Until the early 1970s, all basic information on rapid changes in and sequences of membrane ionic permeability during neuronal activity was obtained primarily by the method of voltage clamping individual cells measured in vitro (Katz 1966), or by radioisotopic or other analytical methods which provided data on the total intracellular and extracellular concentrations of different ions. It was not possible to measure the actual ionic concentrations in particular areas of the nervous system during neuronal activity. Even such basic information as the resting [K+]e in the brain was not known, due to the existence of the blood-brain barrier and other barriers. It was not possible to study hypotheses on the regulatory role of small ions during neuronal activity until conventional glass microelectrodes filled with liquid ion exchanger were introduced into neurophysiological research (Walker 1971; Vyskočil and Kříž 1972). In this chapter I would like to present a short survey of the most recent developments and procedures in the measurement of ionic activity in the CNS and receptor organs by means of ion-selective microelectrodes (ISMs).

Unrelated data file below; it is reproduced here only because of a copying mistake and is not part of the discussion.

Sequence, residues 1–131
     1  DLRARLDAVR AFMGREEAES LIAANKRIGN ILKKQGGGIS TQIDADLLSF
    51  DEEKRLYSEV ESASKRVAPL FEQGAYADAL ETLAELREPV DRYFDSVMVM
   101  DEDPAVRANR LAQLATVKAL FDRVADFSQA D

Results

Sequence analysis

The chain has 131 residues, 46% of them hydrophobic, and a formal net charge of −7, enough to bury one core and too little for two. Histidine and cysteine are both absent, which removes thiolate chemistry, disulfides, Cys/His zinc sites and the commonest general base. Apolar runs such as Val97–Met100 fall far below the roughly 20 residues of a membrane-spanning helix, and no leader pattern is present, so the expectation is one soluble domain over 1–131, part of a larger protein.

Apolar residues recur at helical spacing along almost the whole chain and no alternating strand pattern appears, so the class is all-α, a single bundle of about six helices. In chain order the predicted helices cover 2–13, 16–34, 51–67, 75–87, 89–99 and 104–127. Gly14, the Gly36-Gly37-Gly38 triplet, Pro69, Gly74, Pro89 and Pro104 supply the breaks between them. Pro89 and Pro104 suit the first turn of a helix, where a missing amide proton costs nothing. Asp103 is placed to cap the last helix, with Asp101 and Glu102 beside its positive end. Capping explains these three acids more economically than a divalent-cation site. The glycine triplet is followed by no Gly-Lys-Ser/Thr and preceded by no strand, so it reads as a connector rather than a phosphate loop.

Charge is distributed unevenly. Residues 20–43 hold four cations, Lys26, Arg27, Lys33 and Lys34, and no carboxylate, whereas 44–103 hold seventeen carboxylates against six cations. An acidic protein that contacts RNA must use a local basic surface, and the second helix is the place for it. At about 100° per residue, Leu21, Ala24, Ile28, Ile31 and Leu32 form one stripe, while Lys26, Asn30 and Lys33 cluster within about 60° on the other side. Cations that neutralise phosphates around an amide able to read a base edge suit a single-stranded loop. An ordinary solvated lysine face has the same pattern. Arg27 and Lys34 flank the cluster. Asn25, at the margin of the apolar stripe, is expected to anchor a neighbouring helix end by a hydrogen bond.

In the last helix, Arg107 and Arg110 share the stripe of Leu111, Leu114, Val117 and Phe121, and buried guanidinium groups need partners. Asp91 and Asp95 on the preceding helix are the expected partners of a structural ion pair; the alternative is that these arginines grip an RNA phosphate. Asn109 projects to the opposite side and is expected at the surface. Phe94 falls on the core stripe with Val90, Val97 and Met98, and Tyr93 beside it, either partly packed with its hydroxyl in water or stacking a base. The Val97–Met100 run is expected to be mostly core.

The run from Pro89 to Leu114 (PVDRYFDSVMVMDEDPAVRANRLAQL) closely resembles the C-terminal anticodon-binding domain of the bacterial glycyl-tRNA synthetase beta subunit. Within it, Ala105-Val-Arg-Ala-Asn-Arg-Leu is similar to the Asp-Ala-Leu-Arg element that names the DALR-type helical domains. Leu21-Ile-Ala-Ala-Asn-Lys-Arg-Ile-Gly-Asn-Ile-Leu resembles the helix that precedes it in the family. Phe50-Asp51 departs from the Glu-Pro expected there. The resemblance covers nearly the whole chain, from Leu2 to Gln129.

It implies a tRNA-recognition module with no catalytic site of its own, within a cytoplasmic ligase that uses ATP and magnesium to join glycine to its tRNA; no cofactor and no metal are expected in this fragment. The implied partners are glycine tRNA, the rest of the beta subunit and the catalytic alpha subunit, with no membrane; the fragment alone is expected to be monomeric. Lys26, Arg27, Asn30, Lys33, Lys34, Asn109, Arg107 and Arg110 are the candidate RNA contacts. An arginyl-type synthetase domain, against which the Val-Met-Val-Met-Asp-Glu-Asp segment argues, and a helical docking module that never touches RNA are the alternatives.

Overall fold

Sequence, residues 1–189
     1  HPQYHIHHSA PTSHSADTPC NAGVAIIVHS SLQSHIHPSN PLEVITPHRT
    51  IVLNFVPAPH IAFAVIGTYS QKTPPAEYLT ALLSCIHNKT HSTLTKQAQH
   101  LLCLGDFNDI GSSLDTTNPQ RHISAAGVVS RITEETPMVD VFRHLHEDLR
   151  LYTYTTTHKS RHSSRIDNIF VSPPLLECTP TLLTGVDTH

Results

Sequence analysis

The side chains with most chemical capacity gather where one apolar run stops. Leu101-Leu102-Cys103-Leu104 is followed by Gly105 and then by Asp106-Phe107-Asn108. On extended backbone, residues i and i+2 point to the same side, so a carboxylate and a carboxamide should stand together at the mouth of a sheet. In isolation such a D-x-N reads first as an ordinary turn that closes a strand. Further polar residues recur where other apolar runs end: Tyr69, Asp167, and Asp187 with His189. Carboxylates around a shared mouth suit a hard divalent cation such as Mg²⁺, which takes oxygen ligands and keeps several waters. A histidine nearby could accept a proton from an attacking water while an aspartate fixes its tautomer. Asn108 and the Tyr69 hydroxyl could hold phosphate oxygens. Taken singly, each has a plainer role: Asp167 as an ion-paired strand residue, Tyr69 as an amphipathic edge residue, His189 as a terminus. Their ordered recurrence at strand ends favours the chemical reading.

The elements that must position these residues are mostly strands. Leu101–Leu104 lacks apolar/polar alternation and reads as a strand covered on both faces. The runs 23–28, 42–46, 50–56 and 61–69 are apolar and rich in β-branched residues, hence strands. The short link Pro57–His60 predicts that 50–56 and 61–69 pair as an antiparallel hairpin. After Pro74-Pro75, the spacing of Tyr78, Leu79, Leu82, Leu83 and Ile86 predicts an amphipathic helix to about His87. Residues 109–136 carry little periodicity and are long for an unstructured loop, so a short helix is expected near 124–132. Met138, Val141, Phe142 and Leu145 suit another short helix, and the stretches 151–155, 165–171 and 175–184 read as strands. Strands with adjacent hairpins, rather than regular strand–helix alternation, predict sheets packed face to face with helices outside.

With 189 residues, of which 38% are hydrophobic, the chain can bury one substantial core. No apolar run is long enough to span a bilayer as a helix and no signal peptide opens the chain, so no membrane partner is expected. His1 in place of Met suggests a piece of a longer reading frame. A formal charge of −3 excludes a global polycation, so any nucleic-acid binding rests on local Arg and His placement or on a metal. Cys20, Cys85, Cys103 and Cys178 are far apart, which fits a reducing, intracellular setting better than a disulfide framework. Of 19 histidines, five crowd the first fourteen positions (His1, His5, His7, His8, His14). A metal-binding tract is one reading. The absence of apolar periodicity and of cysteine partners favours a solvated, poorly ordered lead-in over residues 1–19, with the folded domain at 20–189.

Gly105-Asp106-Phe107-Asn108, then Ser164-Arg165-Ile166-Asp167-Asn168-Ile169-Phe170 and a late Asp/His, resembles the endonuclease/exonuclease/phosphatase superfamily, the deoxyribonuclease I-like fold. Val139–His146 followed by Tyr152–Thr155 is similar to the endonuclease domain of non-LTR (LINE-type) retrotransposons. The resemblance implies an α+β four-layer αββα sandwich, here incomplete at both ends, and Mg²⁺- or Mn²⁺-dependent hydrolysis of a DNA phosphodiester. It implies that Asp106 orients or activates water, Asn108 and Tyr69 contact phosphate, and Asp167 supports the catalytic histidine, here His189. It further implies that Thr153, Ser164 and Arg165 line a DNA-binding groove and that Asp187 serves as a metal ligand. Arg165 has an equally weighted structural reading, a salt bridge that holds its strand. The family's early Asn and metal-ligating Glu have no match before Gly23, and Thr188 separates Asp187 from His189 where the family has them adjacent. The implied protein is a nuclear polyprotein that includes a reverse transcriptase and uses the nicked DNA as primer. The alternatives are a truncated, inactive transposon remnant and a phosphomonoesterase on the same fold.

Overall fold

KeywordsLiquid Membrane Reference Channel Excitable Tissue Receptor Organ Microscopic Control
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